One might argue today that the benefits from the auctioned tags actually provide more opportunity for the “average hunter”, but how long will that last? Historically, don’t we see that when organizations are forced to generate income through fund raising, like auctions, then the expectation grows with each passing year? How long before all that will be left is game available to those with the financial ability to cough up $385,000 or more for one elk tag?

I’m not sure I have the answer to this problem and there may not be an answer. It may be the best of all evils. But if we can at least be made aware that this formula can potentially grow bigger to effectively rule out that “average hunter” or second class citizen’s opportunities to harvest game, perhaps the effort can be slowed down.

Short of finding better ways to cut fish and game budgets and recruiting more license-buying hunters, and the challenges that presents, RMEF’s efforts may become a growing event among fish and game departments in order to stay in business. It’s a dreadful thought.

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MISSOULA, Mont.–In a continuing effort to ensure the future of wildlife resources and hunting opportunities, the Rocky Mountain Elk Foundation announced it will return 100 percent of the revenue it generates from the auction of state special big game permits through its national events and programs to the individual states.

“RMEF will not accept big game auction tags from any state for fundraising purposes unless all of the revenue derived from it benefits wildlife,” said David Allen, RMEF president and CEO. “This is a much needed investment in our wildlife resource and its management, habitat enhancement, and our hunting heritage. It also assists state agencies dealing with budgetary challenges. These tags were intended to benefit wildlife conservation and hunting access, not the organizations selling them.”

By way of example, RMEF recently auctioned off a special Arizona elk permit for $385,000 at its national convention. RMEF has historically sold the Arizona special elk permit with a 100 percent return to Arizona Game and Fish.

“This is a tremendous investment in Arizona’s wildlife. What everyone needs to understand is every single penny of that $385,000 goes to Arizona Game and Fish for projects to benefit the habitat for elk, mule deer and other wildlife. We want to expand this model to all the states we work with relative to their special tags sold at our national convention,” said Allen. “The RMEF convention historically generates $700,000 to $1 million each year in the auction sale of special tags/permits from state game and fish agencies.”

The special elk tag that RMEF auctioned off is one of three that the Arizona Game and Fish Department (AZGFD) provide to non-profit wildlife conservation organizations as a fundraising mechanism. While the funds raised from those special tags go directly back on the ground, the agency provides the remainder of its tags through a draw system and some limited over-the-counter opportunities for management of populations in specific units, thus giving the average hunter the opportunity to harvest an elk.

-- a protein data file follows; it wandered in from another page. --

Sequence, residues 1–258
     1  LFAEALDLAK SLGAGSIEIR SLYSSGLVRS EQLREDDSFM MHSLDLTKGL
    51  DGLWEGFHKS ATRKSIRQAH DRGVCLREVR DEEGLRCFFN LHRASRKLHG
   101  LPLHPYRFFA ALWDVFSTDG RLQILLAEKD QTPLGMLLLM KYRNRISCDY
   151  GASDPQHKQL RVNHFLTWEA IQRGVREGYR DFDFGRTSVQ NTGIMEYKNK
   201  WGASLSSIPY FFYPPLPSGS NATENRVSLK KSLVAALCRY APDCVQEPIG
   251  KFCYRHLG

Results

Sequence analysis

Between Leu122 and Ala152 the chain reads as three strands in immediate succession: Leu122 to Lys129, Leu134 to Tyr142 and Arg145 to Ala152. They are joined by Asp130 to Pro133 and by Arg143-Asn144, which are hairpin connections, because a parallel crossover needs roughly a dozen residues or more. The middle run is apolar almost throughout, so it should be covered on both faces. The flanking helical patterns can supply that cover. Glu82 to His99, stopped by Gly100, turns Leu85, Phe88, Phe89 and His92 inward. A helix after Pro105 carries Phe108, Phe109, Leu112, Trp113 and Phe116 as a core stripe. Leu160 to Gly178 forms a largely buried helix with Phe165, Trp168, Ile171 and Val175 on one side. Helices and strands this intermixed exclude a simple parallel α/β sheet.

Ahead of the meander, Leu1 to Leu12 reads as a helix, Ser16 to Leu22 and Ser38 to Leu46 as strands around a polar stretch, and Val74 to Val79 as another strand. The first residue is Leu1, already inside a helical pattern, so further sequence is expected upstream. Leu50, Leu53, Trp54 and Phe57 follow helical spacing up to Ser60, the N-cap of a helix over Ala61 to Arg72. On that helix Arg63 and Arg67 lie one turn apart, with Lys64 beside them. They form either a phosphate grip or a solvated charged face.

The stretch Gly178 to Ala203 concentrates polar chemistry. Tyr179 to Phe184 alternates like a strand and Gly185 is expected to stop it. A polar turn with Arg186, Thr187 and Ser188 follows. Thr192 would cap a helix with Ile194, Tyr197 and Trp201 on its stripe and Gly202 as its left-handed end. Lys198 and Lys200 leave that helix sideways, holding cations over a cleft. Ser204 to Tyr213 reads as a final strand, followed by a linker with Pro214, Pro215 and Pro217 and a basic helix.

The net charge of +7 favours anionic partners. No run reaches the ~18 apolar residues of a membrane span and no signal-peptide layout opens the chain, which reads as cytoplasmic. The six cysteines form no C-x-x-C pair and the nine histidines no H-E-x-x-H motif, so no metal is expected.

“We routinely receive about 80 applications each year for on-the-ground conservation projects that are funded from these proceeds,” said John W. Harris, chairman of the AZGFD Habitat Partnership Committee. “Funding decisions are determined through collaboration with the wildlife conservation organizations that raised the money and Arizona Game and Fish Department biologists. Those relationships extend to the project proponents that include land management agencies, livestock producers, county governments, and private landowners. The projects we fund are routinely cost-shared at least 2 to 1, and our ability to positively influence conservation and relationships among our conservation partners is expanded with every dollar raised. As is so often the case, hunter dollars benefit wildlife resources that all Americans can enjoy. This is yet another example of how Hunting is Conservation.”

“It’s of paramount importance to RMEF to not only be responsible for the money raised for wildlife, but to follow those funds from start to finish to make sure those who use them do so for their intended purpose,” said David Allen, RMEF president and CEO. “Sportsmen and women need to demand transparency and hold RMEF and all wildlife agencies and conservation organizations accountable, especially for the money and its use. These tags are a matter of public trust and we are proud to be part of that effort.”

Allen went to reissue a call to all other wildlife conservation groups to allow full and complete transparency of all their financial information including the publishing of their audited financials from each fiscal year. “We voluntarily submit to independent audits of our annual finances. Why should we not make this information available to our members and the public at-large? If we were a publicly traded business we would have to do this on a regular basis. Let’s do it as a matter of respect for, and accountability to, our members and the public.”

Public trust is one of seven cornerstones to the North American Model of Wildlife Conservation which highlights two basic principles – that our fish and wildlife belong to all Americans and that they need to be managed in a way that their populations will be sustained forever. Sportsmen and women provide the bulk of wildlife management and habitat funding to state agencies through the purchase of hunting and fishing licenses as well as self-imposed taxes implemented decades ago. They also make donations to and support conservation organizations like RMEF.

“When you look at the big picture, it’s amazing how the cost associated with just one tag can make such a positive, wide-ranging difference for our wildlife and for improving hunting opportunity,” added Allen.